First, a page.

This is why the research and training on unconscious bias is incredibly relevant for developing cultural intelligence. By becoming more aware of our unconscious biases, we can better manage our implicit assumptions.

2. Underrepresentation
The second form of diversity that is most relevant is any person from a culture that is underrepresented in a group, something Rosabeth Kanter calls tokenism. Tokens are members of a subgroup that represent less than 15 percent of the whole group and the disproportionate representation skews the ways they’re perceived. Being the only Southerner on a team of Northerners, the only marketer on a team of engineers, or the only “foreigner” in a department highlights cultural differences that might otherwise be overlooked. The dominant group will be inclined to assume that an unusual behavior by an individual from an underrepresented group is “cultural” but that might not be the case at all.

Humans of New York recently featured a young Pakistani woman who describes her experience studying at a small college in Minnesota:

“I never feel completely at ease because there are only three Pakistanis at my school, and I feel that everything I do reflects on my family, my religion, and my country. I feel pressured to always be exceedingly polite and well behaved, even when I don’t feel like it…[in Pakistan] I feel like my actions only reflect on me.”

Many individuals reflect both forms of diversity, such as being the only person of color on a team, and thereby finding yourself to be both visibly different and as one of the underrepresented team members. But underrepresentation is also a factor for people with cultural differences that aren’t as visible, such as a having a sexual orientation, ideology, socioeconomic status or level of tenure that deviates from the dominant norm in a group. An underrepresented group could also be a majority group that has limited power and voice such as what black South Africans experienced for many years. Underrepresentation is context-specific. Men are underrepresented among HR professionals and women are underrepresented among engineers. Each organization and team will need to consider what groups are underrepresented in their contexts.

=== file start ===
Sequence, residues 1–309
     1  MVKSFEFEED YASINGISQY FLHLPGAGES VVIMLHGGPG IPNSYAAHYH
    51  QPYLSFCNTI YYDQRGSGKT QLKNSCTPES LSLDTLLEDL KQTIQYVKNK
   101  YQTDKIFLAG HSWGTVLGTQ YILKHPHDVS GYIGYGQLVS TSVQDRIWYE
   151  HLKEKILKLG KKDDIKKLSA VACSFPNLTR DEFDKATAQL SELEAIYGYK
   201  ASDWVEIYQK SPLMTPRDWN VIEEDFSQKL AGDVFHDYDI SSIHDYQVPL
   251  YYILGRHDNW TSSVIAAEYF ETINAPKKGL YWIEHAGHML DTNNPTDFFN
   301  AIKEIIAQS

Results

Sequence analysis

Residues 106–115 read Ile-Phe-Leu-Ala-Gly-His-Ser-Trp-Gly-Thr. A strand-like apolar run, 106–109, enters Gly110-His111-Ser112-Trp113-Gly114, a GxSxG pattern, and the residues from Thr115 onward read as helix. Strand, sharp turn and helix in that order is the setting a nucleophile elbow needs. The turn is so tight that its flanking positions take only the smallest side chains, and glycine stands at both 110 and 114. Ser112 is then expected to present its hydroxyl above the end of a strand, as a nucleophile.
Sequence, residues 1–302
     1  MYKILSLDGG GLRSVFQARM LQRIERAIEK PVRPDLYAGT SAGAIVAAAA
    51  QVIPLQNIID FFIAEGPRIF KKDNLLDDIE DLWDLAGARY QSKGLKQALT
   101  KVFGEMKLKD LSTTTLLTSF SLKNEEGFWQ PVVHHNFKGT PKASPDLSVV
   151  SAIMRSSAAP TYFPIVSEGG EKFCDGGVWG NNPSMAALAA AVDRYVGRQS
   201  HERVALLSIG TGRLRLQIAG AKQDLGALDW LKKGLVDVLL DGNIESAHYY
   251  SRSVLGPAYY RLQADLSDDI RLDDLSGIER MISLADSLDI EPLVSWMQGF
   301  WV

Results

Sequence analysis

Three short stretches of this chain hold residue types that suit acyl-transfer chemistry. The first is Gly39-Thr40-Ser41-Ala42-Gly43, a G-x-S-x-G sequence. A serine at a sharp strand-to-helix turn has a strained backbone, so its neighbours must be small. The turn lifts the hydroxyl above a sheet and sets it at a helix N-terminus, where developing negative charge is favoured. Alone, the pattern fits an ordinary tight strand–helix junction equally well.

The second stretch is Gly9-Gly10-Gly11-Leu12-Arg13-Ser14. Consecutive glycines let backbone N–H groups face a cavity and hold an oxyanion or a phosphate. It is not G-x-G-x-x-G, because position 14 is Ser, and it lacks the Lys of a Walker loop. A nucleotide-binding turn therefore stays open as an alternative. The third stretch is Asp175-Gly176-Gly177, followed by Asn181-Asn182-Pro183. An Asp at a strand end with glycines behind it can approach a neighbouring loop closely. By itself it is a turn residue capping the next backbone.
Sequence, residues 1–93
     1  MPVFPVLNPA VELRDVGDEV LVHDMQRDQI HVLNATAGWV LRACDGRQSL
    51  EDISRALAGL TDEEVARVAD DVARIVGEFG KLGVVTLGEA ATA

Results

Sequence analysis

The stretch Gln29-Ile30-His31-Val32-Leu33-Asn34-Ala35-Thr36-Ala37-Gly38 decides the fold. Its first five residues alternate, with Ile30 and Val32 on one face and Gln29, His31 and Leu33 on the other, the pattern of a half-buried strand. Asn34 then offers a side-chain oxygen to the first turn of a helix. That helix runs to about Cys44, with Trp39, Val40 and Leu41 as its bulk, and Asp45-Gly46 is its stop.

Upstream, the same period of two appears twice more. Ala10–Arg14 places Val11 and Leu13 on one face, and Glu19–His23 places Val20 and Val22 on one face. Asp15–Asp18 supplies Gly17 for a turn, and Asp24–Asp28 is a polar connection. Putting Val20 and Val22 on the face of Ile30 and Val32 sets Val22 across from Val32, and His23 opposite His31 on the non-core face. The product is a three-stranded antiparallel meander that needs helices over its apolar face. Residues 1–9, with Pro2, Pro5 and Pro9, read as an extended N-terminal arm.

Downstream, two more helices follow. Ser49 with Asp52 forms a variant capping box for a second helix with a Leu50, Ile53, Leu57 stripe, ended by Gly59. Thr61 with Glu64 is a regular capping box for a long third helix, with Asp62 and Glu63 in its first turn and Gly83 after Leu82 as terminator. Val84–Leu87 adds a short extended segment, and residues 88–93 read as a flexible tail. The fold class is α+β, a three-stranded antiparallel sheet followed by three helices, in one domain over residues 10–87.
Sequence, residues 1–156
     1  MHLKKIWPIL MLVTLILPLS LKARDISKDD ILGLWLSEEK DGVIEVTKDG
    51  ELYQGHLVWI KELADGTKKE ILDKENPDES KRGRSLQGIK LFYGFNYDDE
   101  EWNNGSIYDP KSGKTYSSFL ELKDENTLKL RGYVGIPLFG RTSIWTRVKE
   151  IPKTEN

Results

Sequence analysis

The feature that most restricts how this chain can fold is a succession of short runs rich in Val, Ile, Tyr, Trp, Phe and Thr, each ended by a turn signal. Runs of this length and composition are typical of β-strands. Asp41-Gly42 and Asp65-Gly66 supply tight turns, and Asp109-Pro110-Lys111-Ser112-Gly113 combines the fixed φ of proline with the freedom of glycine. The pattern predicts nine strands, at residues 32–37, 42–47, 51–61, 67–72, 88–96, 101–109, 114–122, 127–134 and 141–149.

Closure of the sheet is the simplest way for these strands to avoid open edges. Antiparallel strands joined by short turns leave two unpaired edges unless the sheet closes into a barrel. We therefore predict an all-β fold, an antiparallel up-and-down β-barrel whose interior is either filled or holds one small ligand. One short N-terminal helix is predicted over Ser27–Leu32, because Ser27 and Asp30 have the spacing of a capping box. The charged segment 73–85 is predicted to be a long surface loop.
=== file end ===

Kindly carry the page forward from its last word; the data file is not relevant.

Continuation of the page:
What ultimately matters is not the source of diversity but the different values and perspectives that emerge from it. The more diversity you have within an organization, the more ideas there are for how things should be done. The differences that most strongly influence innovation, project management, and accomplishing objectives are the varied approaches for communicating, planning, and executing tasks. How do you align the values, expectations, and work styles of four generations, dozens of nationalities, and endless subcultures toward a universal vision and strategy for the organization? Answering that question is at the crux of our work on cultural intelligence because our interest has been to improve effectiveness working across cultural value differences. And it’s why our CQ Assessments include feedback on one’s individual cultural value orientations.